The Importance of Hydration for Climbers
In order to perform at the optimal level in climbing, your body needs to be well hydrated. Water is the basis of our body, about 45 to 70 percent of total body weight, depending on how much muscle mass you have. When our muscles and joints have the optimal amount of water, they can glide and move easily as we participate in our activities.
Water surrounding our muscles also provides the optimal environment for recovery. This is why creatine monohydrate supplementation is so helpful (though I don’t recommend it for most strength-to-body weight ratio sports/activities), because it draws water in and around the muscle tissue. With proper fluid amounts, cellular functions operate at a more efficient pace and allows for wastes and toxins to be flushed out of the cell. If you are dehydrated, you may notice faster muscle fatigue, reduced coordination and muscular cramping.
As a climber, I always found it difficult to stay properly hydrated in the cold and on long approaches. Firstly, no one wants to hike in the extra weight of water, this is why having a purifier is handy, but only if there is a water source near by your crag. Another problem I have encountered with many boulderers and climbers is that drinking water adds body weight, which seems detrimental while trying to crush your problem or route. While this is quite true, it may only add a few ounces at a time as you drink and regularly go to the bathroom. Remember, keeping hydrated while climbing is beneficial for performance on your project and helps with speed of recovery, repairing your muscles and getting them ready for your next training or climbing session.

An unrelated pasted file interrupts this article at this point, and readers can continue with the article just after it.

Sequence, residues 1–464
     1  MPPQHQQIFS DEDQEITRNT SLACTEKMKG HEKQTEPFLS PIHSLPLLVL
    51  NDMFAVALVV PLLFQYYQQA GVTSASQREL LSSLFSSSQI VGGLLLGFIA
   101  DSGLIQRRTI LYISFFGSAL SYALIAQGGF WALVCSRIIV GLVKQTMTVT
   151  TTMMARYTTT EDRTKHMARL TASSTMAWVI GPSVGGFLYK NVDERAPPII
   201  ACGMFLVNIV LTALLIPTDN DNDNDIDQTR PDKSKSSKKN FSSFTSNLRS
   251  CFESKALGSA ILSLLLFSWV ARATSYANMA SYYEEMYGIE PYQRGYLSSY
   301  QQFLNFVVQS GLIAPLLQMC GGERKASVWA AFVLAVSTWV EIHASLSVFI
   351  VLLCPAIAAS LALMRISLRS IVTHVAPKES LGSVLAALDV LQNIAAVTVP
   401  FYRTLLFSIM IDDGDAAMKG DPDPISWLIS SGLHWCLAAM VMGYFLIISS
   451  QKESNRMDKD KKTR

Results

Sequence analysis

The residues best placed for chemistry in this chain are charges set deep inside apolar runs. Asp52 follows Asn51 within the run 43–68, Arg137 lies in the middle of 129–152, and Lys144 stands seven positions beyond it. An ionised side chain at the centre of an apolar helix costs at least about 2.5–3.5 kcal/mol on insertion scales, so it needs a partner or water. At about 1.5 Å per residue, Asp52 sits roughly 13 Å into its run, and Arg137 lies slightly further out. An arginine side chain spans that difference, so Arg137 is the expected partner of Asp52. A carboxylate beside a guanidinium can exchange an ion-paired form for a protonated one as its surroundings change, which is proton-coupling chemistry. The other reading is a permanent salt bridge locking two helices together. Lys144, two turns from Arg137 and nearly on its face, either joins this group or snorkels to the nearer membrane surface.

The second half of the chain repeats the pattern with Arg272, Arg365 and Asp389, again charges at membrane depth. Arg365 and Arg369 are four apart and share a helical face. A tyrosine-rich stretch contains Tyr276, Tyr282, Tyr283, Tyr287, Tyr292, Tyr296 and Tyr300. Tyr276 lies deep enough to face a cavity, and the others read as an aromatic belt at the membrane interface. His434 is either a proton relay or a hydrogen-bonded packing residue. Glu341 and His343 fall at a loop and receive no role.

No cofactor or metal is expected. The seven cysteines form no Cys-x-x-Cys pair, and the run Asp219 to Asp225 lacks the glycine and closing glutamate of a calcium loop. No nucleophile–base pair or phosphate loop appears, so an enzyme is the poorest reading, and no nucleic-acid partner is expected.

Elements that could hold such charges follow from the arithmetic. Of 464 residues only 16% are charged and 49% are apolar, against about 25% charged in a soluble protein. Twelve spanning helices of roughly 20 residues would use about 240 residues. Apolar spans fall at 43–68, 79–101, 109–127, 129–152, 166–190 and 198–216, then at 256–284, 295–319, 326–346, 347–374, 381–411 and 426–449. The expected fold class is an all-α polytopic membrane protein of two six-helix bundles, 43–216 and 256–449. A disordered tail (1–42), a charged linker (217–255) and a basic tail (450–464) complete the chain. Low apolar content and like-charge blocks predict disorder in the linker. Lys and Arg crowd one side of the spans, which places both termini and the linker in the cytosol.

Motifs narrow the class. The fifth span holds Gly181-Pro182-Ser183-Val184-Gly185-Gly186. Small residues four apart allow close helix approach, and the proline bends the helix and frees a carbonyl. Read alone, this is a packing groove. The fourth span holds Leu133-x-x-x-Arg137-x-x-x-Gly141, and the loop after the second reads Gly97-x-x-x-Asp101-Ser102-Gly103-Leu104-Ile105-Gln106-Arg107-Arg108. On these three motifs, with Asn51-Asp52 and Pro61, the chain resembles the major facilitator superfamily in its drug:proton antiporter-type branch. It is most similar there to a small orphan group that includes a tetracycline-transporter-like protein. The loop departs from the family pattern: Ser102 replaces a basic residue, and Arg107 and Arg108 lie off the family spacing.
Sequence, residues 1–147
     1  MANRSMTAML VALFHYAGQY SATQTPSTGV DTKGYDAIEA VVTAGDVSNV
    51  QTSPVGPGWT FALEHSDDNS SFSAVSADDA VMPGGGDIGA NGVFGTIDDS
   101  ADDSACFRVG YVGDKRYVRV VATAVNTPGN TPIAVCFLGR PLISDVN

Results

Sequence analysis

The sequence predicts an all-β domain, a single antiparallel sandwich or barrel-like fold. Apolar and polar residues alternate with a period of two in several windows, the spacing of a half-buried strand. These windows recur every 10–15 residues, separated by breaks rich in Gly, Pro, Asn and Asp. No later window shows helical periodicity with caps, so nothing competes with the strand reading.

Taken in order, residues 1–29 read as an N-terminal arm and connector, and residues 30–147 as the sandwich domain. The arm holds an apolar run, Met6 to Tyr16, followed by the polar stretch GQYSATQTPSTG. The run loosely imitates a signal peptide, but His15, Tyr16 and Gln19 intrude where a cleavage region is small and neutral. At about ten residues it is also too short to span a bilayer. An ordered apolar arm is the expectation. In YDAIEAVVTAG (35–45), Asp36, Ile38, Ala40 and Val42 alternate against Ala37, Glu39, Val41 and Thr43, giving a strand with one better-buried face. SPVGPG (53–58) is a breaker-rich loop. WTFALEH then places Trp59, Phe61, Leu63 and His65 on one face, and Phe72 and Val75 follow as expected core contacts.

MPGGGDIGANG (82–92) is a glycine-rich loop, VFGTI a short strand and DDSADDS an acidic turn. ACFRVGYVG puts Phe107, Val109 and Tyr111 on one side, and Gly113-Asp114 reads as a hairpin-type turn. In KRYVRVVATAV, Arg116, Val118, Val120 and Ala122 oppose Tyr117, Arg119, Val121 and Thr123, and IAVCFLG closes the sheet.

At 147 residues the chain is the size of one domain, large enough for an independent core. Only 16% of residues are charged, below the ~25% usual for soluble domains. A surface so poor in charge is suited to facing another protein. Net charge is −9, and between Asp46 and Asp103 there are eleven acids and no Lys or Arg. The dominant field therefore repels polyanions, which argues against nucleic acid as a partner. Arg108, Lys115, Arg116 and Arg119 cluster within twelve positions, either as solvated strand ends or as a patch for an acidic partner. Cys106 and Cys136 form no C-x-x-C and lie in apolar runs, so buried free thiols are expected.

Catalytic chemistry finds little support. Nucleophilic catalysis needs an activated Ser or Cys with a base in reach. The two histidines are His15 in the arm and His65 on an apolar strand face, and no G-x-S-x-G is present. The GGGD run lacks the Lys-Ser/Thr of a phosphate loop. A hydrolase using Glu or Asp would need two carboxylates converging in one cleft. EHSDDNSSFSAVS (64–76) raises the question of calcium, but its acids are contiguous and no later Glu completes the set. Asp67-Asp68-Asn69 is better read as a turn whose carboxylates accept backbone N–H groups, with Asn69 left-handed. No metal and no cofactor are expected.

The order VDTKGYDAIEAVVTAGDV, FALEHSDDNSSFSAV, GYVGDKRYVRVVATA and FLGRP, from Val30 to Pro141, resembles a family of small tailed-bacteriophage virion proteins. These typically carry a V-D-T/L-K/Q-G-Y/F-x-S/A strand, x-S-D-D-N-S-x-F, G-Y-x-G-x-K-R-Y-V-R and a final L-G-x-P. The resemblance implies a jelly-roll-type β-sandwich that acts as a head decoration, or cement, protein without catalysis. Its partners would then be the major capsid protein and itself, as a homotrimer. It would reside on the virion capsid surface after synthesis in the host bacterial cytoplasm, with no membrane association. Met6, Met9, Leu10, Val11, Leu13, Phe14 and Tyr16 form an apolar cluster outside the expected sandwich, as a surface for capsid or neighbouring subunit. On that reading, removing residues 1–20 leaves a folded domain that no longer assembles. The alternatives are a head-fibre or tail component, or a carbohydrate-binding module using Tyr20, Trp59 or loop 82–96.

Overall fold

Tips on staying hydrated: try to take a few sips after every burn and eat fruit while you climb. You don’t only get water from drinking it, you also get it from your foods, specifically fruits and vegetables. There’s another reason to eat your veggies daily! Try to avoid fluids with sugar in them, as this can reverse the hydration process, and this also prevents you from drinking your calories, which, when trying to lose weight, can keep you from reaching your goal weight. About 4 hours before activity you should drink 2 to 3 milliliters per pound of body weight to get your body ready and in proper water balance (“Nancy Clark’s Sports Nutrition Guidebook”; Nancy Clark, MS, RD; 2008).
Some symptoms of dehydration: headaches similar to what is experienced during a hangover, decreased blood pressure (hypotension), and dizziness or fainting when standing up due to orthostatic hypotension. One’s heart and respiration rates begin to increase to compensate for decreased plasma volume and blood pressure, while body temperature may rise because of decreased sweating (Wikipedia, 2012).